Man City clash with Liverpool as Guardiola and Klopp celebrate a decade of rivalry

Managers face off again at the Etihad Stadium on Saturday in what will be their 28th game in opposition dugouts

Manchester City manager Pep Guardiola, left, and Liverpool boss Jurgen Klopp go head-to-head again in the Premier League on Saturday. PA
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Later this year, Pep Guardiola and Jurgen Klopp will have an anniversary to celebrate: 10 years of sharing touchlines. A storied marriage it has been, of title-chases too close to call, of European epics, of domestic silverware tussled over with such fine margins it has twice needed penalty shoot-outs to separate their sides.

Saturday’s face-off, Guardiola’s Manchester City against Klopp’s Liverpool, is the 28th confrontation between managers who will have in total spent 42 tense hours of their lives in neighbouring technical areas, exchanging intense side-eye glances, sometimes sharp words and occasionally knowing smiles suggesting they sensed, as clearly as the millions watching, that, at certain peak points in the past decade they were in charge of the most thrilling two teams anywhere in club football.

It would be hard to make that claim ahead of this weekend, when in a Premier League that has not been won by any manager apart from Guardiola or Klopp since 2017, neither sit at the top of the table. Nor will either of them climb to the summit whatever the outcome of their lunchtime kick-off, with City eight points shy of leaders Arsenal. There’s a rarity in that, too.

Scroll back over the Klopp-Guardiola archive, to its origins in clashes between Guardiola’s Bayern Munich and Klopp’s Borussia Dortmund, and at this late stage in any of their nine seasons as adversaries there is only one precedent for their playing each other without one of their teams being at the top of the standings.

And there are few previous instances, when, with around two-thirds of the season played, the gap between Guardiola and Klopp’s teams has yawned as wide as the 27 points that separate second-placed City and sixth-placed Liverpool.

The ominous ghost in the Liverpool manager’s rear-view mirror would be the 2014/15 season, when Dortmund, who had contested a Champions League final with Bayern in 2013 – just before Guardiola moved to Germany – suffered a dramatic collapse in consistency and form. They finished that campaign seventh, Guardiola duly collected his second of three successive Bundesliga titles with Bayern. Klopp then left Dortmund, after a transformative seven years in charge.

But the detail of that season is worth pausing on. It finished a good deal better for Klopp than it had started, which would be Liverpool’s wish for the remaining trajectory of a 2022/23 that veered badly off course in early autumn and after the new year.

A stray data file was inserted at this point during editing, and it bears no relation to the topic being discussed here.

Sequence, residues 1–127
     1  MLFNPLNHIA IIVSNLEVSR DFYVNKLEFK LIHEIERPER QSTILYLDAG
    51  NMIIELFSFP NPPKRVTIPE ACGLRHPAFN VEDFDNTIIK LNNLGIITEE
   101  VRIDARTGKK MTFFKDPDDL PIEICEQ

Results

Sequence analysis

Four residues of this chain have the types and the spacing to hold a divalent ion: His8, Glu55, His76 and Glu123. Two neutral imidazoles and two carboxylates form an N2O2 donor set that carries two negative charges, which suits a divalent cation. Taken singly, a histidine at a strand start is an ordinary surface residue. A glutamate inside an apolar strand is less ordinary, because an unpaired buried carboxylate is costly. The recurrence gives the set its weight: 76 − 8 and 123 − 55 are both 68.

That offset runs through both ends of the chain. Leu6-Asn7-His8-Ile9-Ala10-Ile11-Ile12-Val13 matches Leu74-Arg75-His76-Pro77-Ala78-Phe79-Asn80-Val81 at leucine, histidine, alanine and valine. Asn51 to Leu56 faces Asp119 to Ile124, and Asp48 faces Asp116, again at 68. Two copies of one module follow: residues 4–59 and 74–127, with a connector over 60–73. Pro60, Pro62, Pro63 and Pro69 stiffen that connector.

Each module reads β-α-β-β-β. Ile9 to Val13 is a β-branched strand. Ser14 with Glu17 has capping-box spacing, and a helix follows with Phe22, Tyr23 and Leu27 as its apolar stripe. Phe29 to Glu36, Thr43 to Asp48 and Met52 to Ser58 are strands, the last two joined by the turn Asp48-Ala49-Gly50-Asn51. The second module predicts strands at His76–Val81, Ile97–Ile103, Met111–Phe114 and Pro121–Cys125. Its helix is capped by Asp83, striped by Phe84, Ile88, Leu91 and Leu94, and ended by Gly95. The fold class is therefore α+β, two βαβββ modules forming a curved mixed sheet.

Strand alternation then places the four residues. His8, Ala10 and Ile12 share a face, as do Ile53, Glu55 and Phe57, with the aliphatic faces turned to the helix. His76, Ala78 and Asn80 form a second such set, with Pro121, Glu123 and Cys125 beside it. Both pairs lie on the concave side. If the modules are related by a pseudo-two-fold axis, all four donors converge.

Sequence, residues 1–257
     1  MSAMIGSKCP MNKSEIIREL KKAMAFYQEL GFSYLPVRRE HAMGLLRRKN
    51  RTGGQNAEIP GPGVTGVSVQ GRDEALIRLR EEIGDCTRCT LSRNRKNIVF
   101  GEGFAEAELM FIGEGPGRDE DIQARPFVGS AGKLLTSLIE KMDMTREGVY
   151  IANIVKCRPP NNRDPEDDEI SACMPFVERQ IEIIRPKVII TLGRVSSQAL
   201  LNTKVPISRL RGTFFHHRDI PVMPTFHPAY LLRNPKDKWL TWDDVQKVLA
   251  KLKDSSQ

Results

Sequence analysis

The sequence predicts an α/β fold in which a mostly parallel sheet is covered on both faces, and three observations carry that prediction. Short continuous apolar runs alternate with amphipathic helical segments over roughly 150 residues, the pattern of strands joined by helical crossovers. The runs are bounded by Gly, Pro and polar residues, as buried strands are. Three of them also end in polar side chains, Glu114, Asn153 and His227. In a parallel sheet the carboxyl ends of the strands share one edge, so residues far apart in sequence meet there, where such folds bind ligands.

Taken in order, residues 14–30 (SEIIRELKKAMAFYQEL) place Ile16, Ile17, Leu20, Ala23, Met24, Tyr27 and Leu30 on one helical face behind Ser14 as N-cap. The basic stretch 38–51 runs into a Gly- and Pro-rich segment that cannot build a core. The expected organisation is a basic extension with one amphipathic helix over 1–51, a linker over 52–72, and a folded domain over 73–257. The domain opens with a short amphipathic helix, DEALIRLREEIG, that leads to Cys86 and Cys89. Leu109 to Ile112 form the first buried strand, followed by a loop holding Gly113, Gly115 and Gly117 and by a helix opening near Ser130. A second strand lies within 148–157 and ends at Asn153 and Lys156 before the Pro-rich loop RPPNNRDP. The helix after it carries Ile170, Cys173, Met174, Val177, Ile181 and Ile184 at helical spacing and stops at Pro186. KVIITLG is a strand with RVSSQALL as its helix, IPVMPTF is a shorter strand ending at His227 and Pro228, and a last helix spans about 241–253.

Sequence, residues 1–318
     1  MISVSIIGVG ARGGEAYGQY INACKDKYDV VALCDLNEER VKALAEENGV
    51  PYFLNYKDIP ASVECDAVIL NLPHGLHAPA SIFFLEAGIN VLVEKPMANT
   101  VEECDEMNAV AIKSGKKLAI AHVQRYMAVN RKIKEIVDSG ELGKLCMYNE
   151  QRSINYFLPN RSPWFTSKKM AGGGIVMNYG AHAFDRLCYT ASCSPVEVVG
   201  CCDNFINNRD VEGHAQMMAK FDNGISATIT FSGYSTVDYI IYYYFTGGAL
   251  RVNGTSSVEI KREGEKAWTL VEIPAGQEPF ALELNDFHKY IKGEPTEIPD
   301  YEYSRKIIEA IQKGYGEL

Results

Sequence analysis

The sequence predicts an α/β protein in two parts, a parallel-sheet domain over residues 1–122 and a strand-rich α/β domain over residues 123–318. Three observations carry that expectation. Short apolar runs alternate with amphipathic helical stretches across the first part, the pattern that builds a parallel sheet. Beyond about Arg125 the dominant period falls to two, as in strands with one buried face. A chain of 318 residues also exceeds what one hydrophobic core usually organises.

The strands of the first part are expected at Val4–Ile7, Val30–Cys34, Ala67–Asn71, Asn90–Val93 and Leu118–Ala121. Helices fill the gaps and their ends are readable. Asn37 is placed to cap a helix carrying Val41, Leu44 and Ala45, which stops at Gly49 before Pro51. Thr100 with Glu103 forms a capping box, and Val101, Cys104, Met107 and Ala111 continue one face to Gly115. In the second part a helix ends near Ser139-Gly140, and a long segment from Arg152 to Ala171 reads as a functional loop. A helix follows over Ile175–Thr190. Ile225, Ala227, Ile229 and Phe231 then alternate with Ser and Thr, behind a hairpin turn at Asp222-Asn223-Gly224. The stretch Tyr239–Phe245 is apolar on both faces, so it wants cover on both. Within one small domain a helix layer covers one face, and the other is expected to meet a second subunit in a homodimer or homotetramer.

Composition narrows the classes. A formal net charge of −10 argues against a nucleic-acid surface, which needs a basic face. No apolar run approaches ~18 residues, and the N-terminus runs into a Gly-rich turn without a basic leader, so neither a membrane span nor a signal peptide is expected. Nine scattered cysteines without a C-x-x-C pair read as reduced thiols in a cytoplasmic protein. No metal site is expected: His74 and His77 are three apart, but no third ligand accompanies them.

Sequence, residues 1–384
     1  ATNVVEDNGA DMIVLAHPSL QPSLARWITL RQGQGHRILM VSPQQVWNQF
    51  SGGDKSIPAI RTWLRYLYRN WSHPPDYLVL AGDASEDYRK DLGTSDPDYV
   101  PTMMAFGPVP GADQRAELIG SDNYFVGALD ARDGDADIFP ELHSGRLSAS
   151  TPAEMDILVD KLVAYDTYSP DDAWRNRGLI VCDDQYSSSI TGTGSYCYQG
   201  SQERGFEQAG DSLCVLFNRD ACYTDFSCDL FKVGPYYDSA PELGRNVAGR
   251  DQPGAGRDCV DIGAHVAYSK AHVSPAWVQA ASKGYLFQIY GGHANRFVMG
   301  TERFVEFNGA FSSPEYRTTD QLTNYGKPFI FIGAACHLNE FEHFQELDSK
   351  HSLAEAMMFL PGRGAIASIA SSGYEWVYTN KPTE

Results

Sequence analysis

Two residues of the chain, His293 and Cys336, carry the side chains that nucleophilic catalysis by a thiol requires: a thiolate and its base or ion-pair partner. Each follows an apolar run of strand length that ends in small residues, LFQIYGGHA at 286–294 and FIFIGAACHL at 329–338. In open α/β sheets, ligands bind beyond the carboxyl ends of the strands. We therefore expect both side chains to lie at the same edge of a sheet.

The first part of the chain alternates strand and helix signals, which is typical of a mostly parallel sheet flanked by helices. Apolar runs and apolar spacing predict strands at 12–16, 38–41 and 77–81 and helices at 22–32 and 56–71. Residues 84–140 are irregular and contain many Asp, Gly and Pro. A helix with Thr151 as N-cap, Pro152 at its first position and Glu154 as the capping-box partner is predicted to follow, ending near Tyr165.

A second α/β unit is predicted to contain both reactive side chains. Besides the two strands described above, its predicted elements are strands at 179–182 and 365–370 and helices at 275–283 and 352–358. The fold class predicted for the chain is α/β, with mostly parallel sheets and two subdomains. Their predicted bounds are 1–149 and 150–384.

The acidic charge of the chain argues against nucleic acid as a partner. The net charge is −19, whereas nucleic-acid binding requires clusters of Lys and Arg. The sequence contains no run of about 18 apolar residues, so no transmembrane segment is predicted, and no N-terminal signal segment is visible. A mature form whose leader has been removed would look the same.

Eight years ago, Klopp’s Dortmund were in the Bundesliga relegation zone at the midpoint of the season. A run of nine wins and only three defeats in their last 15 matches meant they seized a European qualifying place and Klopp was afforded a rousing, grateful farewell from Dortmund fans.

There are 12 games left of Liverpool’s season, and the objective, given the club have been eliminated from the three knockout competitions in which they reached every final in 2022 – Champions League, FA and League Cups – is clear and focused. It is a top-four finish and qualification for next season’s Champions League.

“It’s a massive test for us,” said Klopp surveying a table that, following Liverpool’s 1-0 defeat to Bournemouth in their last outing, left them seven points shy of fourth-placed Tottenham Hotspur.

Pep Guardiola and Jurgen Klopp shake hands when they were managers of Bayern Munich and Borussia Dortmund, respectively, in 2013. Getty

As significantly, they sit in a pack of chasers with the same, very real top-four ambitions. Liverpool have two games in hand over Spurs, but so do Newcastle United, five points better off than Liverpool.

Brighton share Liverpool’s points total of 42 but have played one match fewer. Brentford, also on 42 points, could move above Liverpool and Brighton if they win at the Seagulls and the Merseysiders fail to beat City.

Klopp acknowledges his scenario could look very rousing or utterly wretched within the space of eight days, an intense period preceded by anxiously checking on the fitness of players returning from international duty. City, for their part, need to assess Erling Haaland, who withdrew from Norway’s matches with a groin problem and will be without Phil Foden, who left England’s squad to have surgery to remove his appendix.

Liverpool are encouraged that Luis Diaz, missing with injury since October, is back in training. Klopp expects to have to test the depth of his squad given the immediate schedule. After the trip to City comes a midweek assignment at Chelsea and, on April 9, the hosting of Arsenal. “A football week of all football weeks,” Klopp calls it, “in terms of the opposition.”

The first opponent is the one he knows better than any, one who respects Klopp as highly as any coach. Across the years, even as Guardiola has mostly beaten Klopp to league titles, the head-to-head record marginally favours the German over the Catalan. That decade of jousting has yielded 12 Klopp victories to Guardiola’s 10 in direct confrontations. And a draw on Saturday suits neither.

Updated: March 30, 2023, 6:55 AM